Work + Growth

How You Can Be an Introvert and Extrovert at the Same Time

  • Most people are ambiverts, and have a mix of introvert and extrovert qualities
  • The flexibility of ambiversion can be an advantage in a law career
  • You can further develop useful extrovert or introvert traits to make life in the office more comfortable and productive

By now, the debate about whether lawyers are more often introverts or extroverts—and which personality type is better suited to the job—is practically a cliché.

You can find convincing arguments for why more introverts practice law (lawyers must spend hours reading, take a deliberate approach to their work, and think before they speak), as well as credible reasons why the majority of lawyers have to be extroverts (lawyers must often be able to command attention, communicate in an assertive manner, and deal with conflict). The reality, however, is that like people in just about every profession, the average lawyer is an introvert and extrovert at the same time.

What is an Ambivert?

An ambivert has personality traits typical of both introverts and extroverts.  Ambiverts may be gregarious and assertive but also know when to be quiet and listen. They may love to spend time alone reading or participating in other solitary activities, but also enjoy going out dancing for hours with a big group of friends. They may be able to hole up in an office to quietly focus on a mountain of documents for hours but be the most polished, comfortable presenter in the firm. As you can imagine, being an ambivert can be quite advantageous for lawyers.

Ambiverts are Flexible

The advantage comes with the ambivert’s ability to intuit when to lean on introvert qualities and which situations are better served by extrovert traits. While extroverts need to spend time with people and introverts need ample alone-time to be energized, ambiverts are able to recharge with a mixture of both quiet and social activities. This ability to be flexible and gain energy from various sources means that ambiverts are able to excel in areas that require communication, by knowing when to be more assertive and when to take a more measured approach.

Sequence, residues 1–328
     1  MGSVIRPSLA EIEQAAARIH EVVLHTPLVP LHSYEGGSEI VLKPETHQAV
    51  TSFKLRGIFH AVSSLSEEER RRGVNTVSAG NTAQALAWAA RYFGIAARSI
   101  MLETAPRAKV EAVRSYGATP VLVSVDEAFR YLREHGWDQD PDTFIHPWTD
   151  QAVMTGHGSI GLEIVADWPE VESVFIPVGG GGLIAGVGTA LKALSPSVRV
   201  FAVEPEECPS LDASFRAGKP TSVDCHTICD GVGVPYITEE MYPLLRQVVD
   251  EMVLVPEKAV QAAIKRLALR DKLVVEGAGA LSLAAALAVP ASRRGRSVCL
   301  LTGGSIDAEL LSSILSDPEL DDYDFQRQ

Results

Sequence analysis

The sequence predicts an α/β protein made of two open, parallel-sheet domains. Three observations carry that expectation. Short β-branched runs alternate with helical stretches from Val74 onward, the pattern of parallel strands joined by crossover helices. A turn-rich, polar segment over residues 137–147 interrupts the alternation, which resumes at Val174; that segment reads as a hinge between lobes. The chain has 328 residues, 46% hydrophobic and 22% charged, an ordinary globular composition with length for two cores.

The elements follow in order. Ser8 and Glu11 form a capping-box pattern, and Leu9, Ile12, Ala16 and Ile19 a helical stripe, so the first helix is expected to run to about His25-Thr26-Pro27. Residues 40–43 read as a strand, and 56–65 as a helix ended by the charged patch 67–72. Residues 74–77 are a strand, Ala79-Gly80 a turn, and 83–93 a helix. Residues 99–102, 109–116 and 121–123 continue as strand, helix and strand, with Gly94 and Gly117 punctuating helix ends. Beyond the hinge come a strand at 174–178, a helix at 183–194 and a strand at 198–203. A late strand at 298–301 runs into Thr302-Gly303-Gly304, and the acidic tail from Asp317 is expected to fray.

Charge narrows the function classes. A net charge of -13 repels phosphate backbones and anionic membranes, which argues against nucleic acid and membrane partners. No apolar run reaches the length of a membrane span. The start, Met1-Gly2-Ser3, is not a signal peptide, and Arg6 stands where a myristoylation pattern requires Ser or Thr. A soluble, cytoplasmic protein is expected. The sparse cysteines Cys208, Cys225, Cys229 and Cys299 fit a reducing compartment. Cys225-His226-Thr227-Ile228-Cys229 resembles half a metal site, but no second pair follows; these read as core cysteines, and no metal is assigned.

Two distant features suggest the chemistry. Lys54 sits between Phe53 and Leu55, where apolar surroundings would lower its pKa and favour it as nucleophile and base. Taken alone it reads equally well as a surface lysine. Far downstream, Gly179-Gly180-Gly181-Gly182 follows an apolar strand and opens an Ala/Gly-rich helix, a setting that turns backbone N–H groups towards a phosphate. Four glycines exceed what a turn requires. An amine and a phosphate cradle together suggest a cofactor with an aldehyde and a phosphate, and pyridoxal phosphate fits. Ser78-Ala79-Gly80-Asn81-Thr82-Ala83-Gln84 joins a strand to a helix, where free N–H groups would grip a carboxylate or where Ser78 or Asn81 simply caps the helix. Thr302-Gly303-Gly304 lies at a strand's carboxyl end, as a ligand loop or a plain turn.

The ambivert lawyer knows how to deal with fast-talking, blustery clients as well as those who are reticent and need time to think through details; she is just as comfortable at large networking events as she is one-on-one with a client; he is great at presenting information in client meetings as well as poring over documents for hours.

The great thing is that since most people are not at either extreme of the extrovert/introvert spectrum, we all have some personality traits of both types, and can work on strengthening certain ones to serve us better at work. Do you have personality traits of both extroverts and introverts?

Know What You Need

If you’re not particularly shy but have always felt drained by networking events, it may just be that you need to find some quiet time to energize beforehand so you can be at your best. If hours alone in your office staring at brief after brief drives you nuts, find a way to break up the monotony—schedule a brief call and coffee breaks at regular intervals so you can recharge by being social.

Most people who fall in the middle of the spectrum are often able to switch back and forth easily. However, it can be worth it to take note of which areas you have trouble with and how letting out your inner introvert or extrovert at the right moment can help.

What's Next

Now that you’ve thought about your personality a bit: This week, pick one way to recharge differently before an activity that usually drains you.